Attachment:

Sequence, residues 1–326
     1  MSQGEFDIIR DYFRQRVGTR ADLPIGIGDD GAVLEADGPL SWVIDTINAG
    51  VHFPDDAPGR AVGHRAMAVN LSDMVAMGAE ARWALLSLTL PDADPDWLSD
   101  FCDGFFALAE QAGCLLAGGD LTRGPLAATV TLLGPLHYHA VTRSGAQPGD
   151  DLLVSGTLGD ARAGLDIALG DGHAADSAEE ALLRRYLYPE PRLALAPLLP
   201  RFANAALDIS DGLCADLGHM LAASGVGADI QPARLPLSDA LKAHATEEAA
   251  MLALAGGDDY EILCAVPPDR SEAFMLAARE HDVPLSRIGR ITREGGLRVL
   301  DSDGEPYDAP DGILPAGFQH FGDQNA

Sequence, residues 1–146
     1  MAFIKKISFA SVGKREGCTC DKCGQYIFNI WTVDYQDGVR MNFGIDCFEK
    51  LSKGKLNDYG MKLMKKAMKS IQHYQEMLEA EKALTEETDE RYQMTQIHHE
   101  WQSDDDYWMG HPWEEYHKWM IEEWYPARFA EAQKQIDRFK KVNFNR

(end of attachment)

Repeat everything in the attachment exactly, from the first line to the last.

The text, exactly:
Sequence, residues 1–326
     1  MSQGEFDIIR DYFRQRVGTR ADLPIGIGDD GAVLEADGPL SWVIDTINAG
    51  VHFPDDAPGR AVGHRAMAVN LSDMVAMGAE ARWALLSLTL PDADPDWLSD
   101  FCDGFFALAE QAGCLLAGGD LTRGPLAATV TLLGPLHYHA VTRSGAQPGD
   151  DLLVSGTLGD ARAGLDIALG DGHAADSAEE ALLRRYLYPE PRLALAPLLP
   201  RFANAALDIS DGLCADLGHM LAASGVGADI QPARLPLSDA LKAHATEEAA
   251  MLALAGGDDY EILCAVPPDR SEAFMLAARE HDVPLSRIGR ITREGGLRVL
   301  DSDGEPYDAP DGILPAGFQH FGDQNA

Sequence, residues 1–146
     1  MAFIKKISFA SVGKREGCTC DKCGQYIFNI WTVDYQDGVR MNFGIDCFEK
    51  LSKGKLNDYG MKLMKKAMKS IQHYQEMLEA EKALTEETDE RYQMTQIHHE
   101  WQSDDDYWMG HPWEEYHKWM IEEWYPARFA EAQKQIDRFK KVNFNR